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This place is gorgeous and the views are breathtaking from the top. There aren’t a lot of hiking trails. It’s one way up, walk around on the plateau and back down you go. We drove pretty far to see it and it wasn’t a long stop. We spent a decent amount of time up too but next time will make it a part of a bigger trip to see more things. There’s picnic tables and restrooms. I’d for sure picnic here. The way up is steep. I took my dog and she did great going up the grates steps. So did my children (ages 6 and 13). They do have a water hydrant by the bathrooms so you can get water for your pets. My kids enjoyed putting their faces in it bc it was a pretty hot day lol. There is a vending machine but it was not working when we went.
This is a Army Corps Engineer campground. Well maintained. Great sites. Some lakeside. Many have tons of shade. Site spacing is good. Check in process was a bit annoying. Made reservations and paid online then had to wait in a long line at gate shack for them to hand you paperwork. Old guy on golf cart is not very friendly. Some of the best Walleye and Striper fishing around. Overall a great park
We came here for the Labor Day weekend and it did not disappoint. Not a “thrills a minute” park. However, if you enjoy hiking, biking, relaxing or small lake fishing this is the place. We stayed in the full hook up section in the White Tail portion of the park. Bathrooms and showers very clean. Heavily patrolled by the park ranger. Lots of stickers in the grass so be mindful when you walk your dog.
The park itself was a letdown. It was not kept up very well and if you have a taller unit you need to pay attention to low branches. With the Covid still hot here we elected to not do the tour. We did ask, where would be a good spot to watch the bats at dusk? It was a great experience and made everything worth while.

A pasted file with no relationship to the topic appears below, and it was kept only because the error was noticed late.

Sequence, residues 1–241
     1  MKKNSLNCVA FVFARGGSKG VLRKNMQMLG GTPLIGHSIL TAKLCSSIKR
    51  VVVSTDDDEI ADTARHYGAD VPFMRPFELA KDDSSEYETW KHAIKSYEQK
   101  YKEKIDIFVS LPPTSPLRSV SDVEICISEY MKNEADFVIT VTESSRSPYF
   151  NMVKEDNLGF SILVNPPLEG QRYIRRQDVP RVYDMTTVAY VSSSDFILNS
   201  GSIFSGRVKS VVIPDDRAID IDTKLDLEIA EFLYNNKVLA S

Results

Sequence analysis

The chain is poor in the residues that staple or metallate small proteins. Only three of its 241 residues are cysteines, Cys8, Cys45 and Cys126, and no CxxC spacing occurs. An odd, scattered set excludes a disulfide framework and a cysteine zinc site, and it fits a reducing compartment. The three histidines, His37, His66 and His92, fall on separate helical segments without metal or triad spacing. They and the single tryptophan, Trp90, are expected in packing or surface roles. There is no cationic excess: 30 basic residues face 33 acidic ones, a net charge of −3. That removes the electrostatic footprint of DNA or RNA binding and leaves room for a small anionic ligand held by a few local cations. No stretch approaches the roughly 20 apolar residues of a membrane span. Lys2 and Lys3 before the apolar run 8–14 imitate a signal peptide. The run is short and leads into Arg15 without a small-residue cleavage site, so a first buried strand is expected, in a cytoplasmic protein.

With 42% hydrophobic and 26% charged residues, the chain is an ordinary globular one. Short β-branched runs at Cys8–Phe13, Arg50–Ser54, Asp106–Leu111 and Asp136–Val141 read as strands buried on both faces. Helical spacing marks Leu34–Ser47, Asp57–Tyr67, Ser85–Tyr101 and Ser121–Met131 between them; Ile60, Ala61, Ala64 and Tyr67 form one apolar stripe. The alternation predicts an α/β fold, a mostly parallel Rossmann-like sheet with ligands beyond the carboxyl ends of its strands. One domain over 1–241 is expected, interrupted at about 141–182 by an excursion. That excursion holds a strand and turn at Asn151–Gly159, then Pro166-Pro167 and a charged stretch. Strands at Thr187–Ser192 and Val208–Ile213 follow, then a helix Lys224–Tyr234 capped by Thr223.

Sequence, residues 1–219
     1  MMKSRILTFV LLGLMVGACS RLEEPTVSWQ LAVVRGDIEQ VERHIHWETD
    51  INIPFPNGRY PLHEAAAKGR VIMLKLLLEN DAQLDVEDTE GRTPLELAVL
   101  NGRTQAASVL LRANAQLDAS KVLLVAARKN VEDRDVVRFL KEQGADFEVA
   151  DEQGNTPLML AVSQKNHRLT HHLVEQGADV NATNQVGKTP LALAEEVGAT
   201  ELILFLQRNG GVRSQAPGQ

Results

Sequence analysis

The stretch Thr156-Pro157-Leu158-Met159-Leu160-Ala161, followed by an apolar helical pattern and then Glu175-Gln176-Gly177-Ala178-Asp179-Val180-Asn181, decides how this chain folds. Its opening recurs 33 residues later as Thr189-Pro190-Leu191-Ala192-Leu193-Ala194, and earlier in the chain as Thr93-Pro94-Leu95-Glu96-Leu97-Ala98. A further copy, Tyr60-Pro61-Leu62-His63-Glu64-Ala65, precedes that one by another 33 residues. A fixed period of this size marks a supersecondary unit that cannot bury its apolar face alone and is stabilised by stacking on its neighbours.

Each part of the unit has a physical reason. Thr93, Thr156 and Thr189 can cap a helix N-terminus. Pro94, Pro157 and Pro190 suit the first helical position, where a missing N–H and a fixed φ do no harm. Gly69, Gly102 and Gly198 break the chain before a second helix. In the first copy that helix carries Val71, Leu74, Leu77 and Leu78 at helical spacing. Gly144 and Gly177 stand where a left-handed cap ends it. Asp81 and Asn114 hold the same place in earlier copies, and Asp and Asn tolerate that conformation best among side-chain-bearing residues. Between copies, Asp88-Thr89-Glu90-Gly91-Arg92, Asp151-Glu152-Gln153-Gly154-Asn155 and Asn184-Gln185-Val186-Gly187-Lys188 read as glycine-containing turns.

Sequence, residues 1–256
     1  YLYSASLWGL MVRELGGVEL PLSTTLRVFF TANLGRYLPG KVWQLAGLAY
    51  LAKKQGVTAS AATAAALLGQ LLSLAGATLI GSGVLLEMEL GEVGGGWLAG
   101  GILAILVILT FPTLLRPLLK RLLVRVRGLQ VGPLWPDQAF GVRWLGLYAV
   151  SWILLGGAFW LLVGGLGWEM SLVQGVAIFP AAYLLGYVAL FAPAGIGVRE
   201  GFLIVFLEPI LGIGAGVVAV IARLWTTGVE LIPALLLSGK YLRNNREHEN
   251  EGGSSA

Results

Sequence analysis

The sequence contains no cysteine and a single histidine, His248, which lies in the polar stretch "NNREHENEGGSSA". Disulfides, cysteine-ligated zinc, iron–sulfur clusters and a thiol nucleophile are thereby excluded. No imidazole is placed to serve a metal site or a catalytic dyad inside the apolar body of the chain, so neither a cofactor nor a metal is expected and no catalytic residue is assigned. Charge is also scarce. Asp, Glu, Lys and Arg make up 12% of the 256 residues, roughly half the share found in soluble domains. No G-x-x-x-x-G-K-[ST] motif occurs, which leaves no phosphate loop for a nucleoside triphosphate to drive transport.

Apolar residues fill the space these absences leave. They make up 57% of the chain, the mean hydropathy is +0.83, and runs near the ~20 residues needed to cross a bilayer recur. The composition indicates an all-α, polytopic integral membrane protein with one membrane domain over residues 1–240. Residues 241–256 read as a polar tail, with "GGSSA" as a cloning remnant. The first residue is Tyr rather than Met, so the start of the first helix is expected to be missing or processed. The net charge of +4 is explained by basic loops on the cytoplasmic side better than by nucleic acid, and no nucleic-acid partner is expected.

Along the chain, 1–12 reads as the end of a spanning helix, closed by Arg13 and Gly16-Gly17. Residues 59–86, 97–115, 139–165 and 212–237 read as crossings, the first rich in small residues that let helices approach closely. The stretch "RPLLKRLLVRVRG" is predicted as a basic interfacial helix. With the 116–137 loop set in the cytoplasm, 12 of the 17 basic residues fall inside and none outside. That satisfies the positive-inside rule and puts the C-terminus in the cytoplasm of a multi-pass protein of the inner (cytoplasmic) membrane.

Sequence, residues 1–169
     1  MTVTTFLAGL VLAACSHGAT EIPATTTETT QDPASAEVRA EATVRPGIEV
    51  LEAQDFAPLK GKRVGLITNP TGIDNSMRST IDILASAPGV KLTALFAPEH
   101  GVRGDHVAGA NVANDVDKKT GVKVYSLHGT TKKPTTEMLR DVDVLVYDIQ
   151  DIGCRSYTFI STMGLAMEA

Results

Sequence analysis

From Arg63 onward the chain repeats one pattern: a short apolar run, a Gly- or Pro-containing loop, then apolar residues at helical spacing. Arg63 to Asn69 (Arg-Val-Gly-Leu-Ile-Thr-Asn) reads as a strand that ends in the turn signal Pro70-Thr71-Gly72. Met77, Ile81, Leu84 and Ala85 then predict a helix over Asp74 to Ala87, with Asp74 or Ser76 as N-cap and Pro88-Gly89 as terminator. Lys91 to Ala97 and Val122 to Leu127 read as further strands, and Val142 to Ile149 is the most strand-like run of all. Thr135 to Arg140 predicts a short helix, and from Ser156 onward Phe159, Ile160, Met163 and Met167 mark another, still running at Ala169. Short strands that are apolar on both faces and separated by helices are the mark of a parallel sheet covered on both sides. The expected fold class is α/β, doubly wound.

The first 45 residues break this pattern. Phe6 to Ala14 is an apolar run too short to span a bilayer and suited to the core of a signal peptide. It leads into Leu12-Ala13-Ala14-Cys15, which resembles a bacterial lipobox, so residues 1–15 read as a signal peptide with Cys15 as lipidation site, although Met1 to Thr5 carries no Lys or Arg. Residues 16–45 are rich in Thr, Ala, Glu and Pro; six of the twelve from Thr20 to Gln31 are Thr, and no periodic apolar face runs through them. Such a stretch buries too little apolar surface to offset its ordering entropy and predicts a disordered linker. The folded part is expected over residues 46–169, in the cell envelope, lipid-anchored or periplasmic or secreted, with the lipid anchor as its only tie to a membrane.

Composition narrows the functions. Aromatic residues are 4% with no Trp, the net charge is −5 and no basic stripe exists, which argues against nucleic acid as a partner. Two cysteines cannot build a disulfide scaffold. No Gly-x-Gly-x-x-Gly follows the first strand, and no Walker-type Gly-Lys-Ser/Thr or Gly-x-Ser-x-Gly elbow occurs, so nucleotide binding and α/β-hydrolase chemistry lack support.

Coming in from the east, entering this area is like finding an oasis in the sprawling desert. In June, the road entered under a green canopy, very unlike the hours of driving through Oklahoma it took to get here. It is a very well manicured place.
There are a couple camping areas, and we ended up in the Whitetail Campground, which had the most tent sites. There are lots of RV sites here and in the other areas. Within minutes of arriving, the park ranger came over to see we payed for the site online, then cheerfully left us to it.
If you can, choose site A in the Whitetail area. It is shaded, spacious and the most private. It was a very hot day, but the shade and breeze made the experience quite lovely. There is a VERY short, flat, hiking trail around this campground. There is also a nearby pool which is open in the afternoon, and charges a few dollars to swim. We unfortunately didn't visit the actual spring, so I'm not sure how that is.
The bathrooms here are pretty nice. One shower and two stalls in the men's room. Dividing walls are just a little short. Very clean though!
At nightfall, we were harassed by a couple raccoons, but they kept their distance and retreated after we repeatedly threw some stones and made loud noises towards them. But they were persistent at first, so just keep a lookout for them. We saw one deer here, and found a couple ticks, so bring your bug spray!
Glass Mountain is the nearby attraction a drive away, and nearby Woodward should have just about everything you need to stock up.
We camped here for a weekend. There was no fire pits for the rv sites. The sites were super close together. The bathrooms were really clean but the showers were a little gross and there was no hot water for them. The main reason we came were for the caverns and despite there being a sign and information online that the cavern would be open, they were still closed because of the Rona.
Despite that, the staff was nice and the trails were beautiful. Just didn’t get to see the caves.
Or have a fire….
About your average state park. They were clean and easily navigated. Nicely shaded, and several options for camping. Like other reviewers said, mix of tents and RVs and huge--I mean prehistoric cousins huge-- mosquitoes in low, treed areas.
The spring area has is a pretty area with a little trail and plaques with information. The pool is nice, and there are several playgrounds.
We stayed with our GS troop for a night and went to Alabaster Caverns for a bat cave tour then on to Gloss Mountains State Park (no camping, but a fun stop).
We didn't explore any trials, and I don't recall seeing trail heads.